Monday, March 5, 2012

I Didn't Get The Strategy Genes

by Sophie

STRATEGY

When I was in junior high school, my brother and his friends got into Dungeons and Dragons. I remember weekend afternoons where they would be bent over their....what, exactly? Figurines and maps and charts and all kinds of complicated stuff. I was not invited to participate, which made me gloomy because I had nothing else to do and felt the sting of being left out, but in truth I couldn't even begin to fathom what made this activity fun.

It was a game of strategy - I knew that much. And I knew that I *ought* to be good at it. I was always good at the mathy-sciencey part of standardized tests, and I couldn't imagine what other skills might be needed.

But I had no interest. What I did instead was to make pencil drawings of the muscular dudes with the dragon heads, holding broadaxes. I could spend hours getting them exactly right. I wish I still had some of those!

I'm simply not drawn to strategy like other people are. So many games depend on those skills - dominoes, for instance, or hangman or connect-4. I like to play these but absolutely don't care if I win or lose. Not at all! It's not that I don't like to show off - I like Pictionary (I'm a total star) and bananagrams....though whenever I get bored with my letters I just smash them all together and start over.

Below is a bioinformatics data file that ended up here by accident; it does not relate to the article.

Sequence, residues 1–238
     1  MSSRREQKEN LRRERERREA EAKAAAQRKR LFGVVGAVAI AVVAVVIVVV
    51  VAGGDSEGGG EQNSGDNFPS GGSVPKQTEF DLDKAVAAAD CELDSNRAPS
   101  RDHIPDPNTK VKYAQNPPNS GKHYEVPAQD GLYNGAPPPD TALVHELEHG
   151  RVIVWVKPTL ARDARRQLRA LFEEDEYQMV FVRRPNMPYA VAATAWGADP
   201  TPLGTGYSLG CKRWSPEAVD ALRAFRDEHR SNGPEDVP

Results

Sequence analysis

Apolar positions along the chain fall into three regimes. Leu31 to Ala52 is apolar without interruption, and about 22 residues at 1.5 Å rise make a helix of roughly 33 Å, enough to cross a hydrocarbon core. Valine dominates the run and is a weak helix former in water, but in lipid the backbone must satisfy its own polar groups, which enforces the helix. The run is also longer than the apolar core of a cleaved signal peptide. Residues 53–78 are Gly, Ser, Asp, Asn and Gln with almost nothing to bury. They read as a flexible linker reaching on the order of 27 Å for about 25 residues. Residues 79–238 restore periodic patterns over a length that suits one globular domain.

I don't know if this is the hallmark of a disorganized thinker, or something else. Perhaps massive gobs of creativity that are pressing on the strategic area of my brain or something.

7 comments:

William Doonan said...

Cool post! Though I would never admit it in polite company, I was one of those boys huddled over the gaming dice, trying to strategize my elf's next move. Then I discovered girls and never looked back. But I still think that spending time in that imaginary Dungeons & Dragons world (a lot of time) helped me imagine landscapes and scenarios, skills that definitely helped me as a writer.

William Doonan
www.themummiesofblogspace9.com

L.G.C. Smith said...

I believe you've identified a common problem for writers: "massive gobs of creativity ... pressing on the strategic area of (the) brain." I am a fellow sufferer. :)

Juliet Blackwell said...

Ha! I'm exactly the same way. Strategy games bore me to tears, but I'll spend hours on the NYT crossword. And like Lynn says, those "massive gobs of creativity" must have muscled out the competition ;-)

Barbara said...

I just like to make stuff; be it stories or quilts & blankies or lotion & lip balm or knitted things. I don't have time for strategy or caring who wins or loses, I just want to play with words and raw materials for making things. I'm with you. I keep looking for that extra week day dedicated solely to creative endeavor.

Toni in Florida said...

I played D&D in college, but strategy was not part of it for me. I liked the improv and the worldbuilding and the interactions and the chance to explore being someone else. The strategy part? I left that to the other players and just had fun being a half-human/half-elven thief!

Adrienne Miller said...

I never played D&D, but I remember one night when a few of my friends tried to get me to play Risk. I was so bored I decided to intentionally lose after 20 minutes.

Martha Flynn said...

Oh Adrienne. We are soulmates in so many ways. Ditto (Risk...Monopoly....anything really...)